Then, in 1969 the elected president was killed in a coup d’état led by Mohamed Siad Barre, who replaced its parliament and constitution with a Communist dictatorship as the Somali Democratic Republic.  When Selassie was deposed in a Marxist coup in 1974, the Soviet Union found Ethiopia’s new dictator Mengistu Haile Mariam a more ideological and congenial client and shifted its resources and support from Somalia to Ethiopia.  This led to Somalia’s unsuccessful war against Ethiopia in 1977 to try to annex the Ogaden, an ethnically Somali landlocked desert region which lies mostly on the Ethiopian side of the border.  The 1980s laid the Horn of Africa low with a devastating depression and famine, and the fall of the Soviet Union in 1991 bled a lot of development money from the region.

Mohamed Siad Barre, hero of the people

In 1991, Barre was deposed by a largely non-ideological coalition of clan groups, backed by the post-Communist multi-ethnic Ethiopian government and by Libya’s dictator, Col. Moammar al-Qaddafi, seeking to extend his influence southeastward.  Soon after the coup, the clan leaders of what used to be British Somaliland declared independence as the Republic of Somaliland.  They have functioned as an independent state ever since, though without any international recognition whatsoever.  The rest of Somalia never had a functioning central government again.  Barre loyalists, supporters of the new government, and various clan and ethnic warlords wreaked havoc throughout the country, a situation which, combined with a new famine, led the United Nations to dispatch a peacekeeping operation called United Nations Operation in Somalia, or Unosom, simply to secure the delivery of international food aid.  The United States, under President George H. W. Bush (Sr.), also sent in a military contingent to try to stabilize the situation, meeting with a disastrous situation for the U.S. troops, which Bush’s successor, Bill Clinton, withdrew in 1993.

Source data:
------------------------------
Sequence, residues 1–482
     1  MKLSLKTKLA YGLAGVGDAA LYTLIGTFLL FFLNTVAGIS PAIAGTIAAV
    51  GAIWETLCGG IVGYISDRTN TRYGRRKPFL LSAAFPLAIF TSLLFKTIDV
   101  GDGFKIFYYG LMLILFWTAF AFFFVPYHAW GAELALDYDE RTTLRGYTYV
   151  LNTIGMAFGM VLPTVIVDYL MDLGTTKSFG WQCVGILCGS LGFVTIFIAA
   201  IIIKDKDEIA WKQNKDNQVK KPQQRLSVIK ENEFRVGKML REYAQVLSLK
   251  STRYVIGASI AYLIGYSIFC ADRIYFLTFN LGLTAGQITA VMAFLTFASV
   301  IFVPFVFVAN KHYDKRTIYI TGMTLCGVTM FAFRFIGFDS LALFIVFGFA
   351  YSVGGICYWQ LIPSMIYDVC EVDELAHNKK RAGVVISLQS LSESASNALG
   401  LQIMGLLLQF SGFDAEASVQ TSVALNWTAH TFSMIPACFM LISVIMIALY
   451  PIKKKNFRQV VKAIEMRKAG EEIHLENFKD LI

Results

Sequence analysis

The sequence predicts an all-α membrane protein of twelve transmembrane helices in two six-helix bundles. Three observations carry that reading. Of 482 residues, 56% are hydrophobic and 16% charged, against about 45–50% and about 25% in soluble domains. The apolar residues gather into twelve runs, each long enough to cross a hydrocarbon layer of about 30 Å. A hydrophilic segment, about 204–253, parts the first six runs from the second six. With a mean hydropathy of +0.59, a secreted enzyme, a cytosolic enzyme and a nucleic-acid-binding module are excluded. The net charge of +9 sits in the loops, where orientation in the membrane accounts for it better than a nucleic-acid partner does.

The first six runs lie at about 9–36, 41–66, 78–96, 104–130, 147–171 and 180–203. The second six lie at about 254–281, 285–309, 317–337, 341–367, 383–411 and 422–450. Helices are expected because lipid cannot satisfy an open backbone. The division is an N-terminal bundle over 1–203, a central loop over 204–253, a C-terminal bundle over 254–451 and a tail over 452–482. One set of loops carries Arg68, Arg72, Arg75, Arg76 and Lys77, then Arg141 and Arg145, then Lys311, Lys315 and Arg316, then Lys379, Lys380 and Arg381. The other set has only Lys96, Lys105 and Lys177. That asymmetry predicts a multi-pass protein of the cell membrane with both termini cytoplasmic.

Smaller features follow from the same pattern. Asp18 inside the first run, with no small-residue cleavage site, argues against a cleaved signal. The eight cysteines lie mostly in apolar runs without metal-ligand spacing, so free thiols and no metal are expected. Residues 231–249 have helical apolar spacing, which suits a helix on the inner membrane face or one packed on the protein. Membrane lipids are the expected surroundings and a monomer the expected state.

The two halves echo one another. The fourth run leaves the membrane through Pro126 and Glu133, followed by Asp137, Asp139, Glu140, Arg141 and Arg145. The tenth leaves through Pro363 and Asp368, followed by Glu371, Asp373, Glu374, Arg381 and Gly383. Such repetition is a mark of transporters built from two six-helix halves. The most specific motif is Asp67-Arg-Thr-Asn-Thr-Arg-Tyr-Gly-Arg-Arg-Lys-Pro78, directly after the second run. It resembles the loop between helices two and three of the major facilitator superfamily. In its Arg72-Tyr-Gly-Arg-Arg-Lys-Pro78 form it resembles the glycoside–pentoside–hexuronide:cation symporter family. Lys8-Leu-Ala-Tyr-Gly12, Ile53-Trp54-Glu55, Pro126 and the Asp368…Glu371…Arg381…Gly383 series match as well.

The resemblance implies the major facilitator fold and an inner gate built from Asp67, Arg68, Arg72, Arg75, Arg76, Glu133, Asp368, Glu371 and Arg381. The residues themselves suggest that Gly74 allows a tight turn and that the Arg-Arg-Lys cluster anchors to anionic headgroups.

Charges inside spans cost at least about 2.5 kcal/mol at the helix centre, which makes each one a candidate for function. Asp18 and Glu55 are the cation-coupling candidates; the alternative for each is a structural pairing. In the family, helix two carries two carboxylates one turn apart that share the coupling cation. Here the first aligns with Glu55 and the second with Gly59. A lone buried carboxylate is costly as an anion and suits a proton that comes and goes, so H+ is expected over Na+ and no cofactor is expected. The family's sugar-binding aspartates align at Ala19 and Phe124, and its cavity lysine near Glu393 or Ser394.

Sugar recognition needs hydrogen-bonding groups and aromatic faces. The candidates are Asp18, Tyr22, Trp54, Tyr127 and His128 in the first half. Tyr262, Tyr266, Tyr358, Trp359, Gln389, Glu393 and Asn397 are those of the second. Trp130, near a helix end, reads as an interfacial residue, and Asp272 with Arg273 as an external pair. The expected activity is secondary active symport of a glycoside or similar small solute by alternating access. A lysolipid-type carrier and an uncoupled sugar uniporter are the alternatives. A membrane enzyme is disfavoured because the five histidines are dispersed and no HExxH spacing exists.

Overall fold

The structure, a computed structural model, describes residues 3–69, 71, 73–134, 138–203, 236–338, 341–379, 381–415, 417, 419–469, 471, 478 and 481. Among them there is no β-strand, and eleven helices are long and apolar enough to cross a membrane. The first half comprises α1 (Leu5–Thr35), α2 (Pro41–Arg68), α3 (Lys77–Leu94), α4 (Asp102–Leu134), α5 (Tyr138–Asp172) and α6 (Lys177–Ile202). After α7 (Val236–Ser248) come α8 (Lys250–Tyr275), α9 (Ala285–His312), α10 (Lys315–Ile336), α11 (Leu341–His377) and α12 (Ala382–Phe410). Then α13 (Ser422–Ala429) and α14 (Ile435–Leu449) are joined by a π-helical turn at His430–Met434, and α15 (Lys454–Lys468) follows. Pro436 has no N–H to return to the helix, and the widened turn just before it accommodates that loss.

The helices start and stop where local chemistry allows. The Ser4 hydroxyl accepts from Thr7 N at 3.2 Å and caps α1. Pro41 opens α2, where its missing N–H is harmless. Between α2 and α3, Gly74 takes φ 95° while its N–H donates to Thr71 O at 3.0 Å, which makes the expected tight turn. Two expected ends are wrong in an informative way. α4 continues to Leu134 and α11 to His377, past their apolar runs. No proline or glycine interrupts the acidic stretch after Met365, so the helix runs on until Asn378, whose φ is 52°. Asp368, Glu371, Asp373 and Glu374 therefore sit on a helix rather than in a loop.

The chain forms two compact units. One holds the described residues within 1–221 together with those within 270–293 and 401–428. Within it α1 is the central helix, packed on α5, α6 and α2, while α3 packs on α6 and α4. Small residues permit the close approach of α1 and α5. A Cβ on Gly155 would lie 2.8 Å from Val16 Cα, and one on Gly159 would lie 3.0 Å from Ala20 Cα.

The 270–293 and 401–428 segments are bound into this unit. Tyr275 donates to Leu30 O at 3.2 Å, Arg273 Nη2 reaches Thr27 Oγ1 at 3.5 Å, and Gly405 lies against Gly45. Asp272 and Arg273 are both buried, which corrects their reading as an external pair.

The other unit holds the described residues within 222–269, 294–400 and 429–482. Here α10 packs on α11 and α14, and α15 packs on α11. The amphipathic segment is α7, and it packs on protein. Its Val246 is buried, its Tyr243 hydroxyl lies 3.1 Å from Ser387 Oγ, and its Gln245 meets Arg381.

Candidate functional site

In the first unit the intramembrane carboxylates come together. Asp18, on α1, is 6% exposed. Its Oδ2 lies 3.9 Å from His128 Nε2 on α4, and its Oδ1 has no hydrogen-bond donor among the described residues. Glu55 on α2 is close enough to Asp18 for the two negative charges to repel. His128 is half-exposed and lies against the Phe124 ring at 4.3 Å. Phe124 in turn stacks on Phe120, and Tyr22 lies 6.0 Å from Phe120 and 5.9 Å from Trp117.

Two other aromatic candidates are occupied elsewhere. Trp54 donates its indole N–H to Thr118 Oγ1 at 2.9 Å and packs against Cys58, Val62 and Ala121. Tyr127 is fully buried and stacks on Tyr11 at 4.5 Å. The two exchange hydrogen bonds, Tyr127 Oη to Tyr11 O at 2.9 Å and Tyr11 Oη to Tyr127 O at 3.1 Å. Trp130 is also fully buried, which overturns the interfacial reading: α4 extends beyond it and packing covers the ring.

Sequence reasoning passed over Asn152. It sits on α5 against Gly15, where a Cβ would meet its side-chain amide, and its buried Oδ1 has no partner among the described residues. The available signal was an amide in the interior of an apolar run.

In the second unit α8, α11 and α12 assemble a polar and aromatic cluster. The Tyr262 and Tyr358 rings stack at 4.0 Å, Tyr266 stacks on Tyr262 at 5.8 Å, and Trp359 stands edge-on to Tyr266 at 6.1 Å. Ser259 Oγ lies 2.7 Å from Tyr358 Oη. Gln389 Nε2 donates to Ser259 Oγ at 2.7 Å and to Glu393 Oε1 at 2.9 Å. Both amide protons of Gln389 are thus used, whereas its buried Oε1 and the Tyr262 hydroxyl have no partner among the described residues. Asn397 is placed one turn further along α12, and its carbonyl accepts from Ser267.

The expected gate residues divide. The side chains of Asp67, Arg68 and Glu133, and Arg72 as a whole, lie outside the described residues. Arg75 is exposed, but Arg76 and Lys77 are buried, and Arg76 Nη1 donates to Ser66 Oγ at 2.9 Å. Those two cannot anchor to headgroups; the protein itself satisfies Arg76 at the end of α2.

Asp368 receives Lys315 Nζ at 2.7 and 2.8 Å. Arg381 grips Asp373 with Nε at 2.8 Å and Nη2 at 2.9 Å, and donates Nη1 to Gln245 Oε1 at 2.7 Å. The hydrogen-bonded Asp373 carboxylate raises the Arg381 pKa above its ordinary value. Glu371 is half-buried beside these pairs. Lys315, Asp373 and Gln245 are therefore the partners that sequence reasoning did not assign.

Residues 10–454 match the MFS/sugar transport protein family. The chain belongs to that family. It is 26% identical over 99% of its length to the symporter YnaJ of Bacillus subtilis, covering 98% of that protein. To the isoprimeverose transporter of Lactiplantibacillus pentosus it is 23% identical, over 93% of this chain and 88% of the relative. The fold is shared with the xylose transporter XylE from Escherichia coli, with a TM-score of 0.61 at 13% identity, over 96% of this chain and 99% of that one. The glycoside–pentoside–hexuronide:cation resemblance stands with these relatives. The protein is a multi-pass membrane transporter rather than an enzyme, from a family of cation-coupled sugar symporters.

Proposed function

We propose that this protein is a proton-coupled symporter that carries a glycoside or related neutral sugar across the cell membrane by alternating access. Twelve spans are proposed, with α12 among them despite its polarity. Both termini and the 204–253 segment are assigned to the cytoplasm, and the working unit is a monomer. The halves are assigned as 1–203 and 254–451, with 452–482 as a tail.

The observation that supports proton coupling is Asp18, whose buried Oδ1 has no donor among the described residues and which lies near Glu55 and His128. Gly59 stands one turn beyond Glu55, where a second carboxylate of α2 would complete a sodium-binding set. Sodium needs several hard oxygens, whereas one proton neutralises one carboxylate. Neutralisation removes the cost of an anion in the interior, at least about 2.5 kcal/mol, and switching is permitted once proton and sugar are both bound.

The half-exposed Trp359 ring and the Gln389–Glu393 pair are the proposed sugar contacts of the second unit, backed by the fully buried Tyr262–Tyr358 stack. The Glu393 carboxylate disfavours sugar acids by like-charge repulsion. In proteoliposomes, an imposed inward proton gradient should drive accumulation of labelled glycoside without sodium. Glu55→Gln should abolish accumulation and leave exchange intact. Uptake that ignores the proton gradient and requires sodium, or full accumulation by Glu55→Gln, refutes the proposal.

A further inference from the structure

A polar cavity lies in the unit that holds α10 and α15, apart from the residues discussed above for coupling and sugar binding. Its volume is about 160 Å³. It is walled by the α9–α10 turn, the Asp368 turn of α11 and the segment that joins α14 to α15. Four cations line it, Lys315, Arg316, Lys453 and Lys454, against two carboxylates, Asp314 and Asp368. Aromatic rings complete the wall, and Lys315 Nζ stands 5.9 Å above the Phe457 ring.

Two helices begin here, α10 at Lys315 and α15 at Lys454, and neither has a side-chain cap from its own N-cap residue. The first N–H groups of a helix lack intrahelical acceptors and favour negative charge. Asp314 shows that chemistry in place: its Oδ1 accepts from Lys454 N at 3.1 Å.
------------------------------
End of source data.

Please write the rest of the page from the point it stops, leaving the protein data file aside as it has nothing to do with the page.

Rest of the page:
1992: the U.S. Marines, welcomed as liberators—or not 

In 2004, the Transitional Federal Government (T.F.G.) was formed in exile in Nairobi and established a foothold in Mogadishu, the capital.  Among its provisions was the granting of self-governing, but still, unionist states like the Puntland State of Somalia, which had been functioning as a large de facto independent state at the very tip of the Horn of Africa since 1998.  (For years, I assumed that the name Puntland derived from an Italian term for “Horn of Africa”—you know, punta, point, something like that.  Turns out it is named after the legendary Land of Pwenet, or Punt, referred to in ancient Egyptian texts but whose exact location is a mystery.)  Since 2004, the T.F.G. has never managed to extend its administration outside Mogadishu, but self-governing areas such as Puntland are nominally unionist: they don’t want independence, but they also don’t want to be all tangled up administratively with an embattled and dysfunctional “central” government.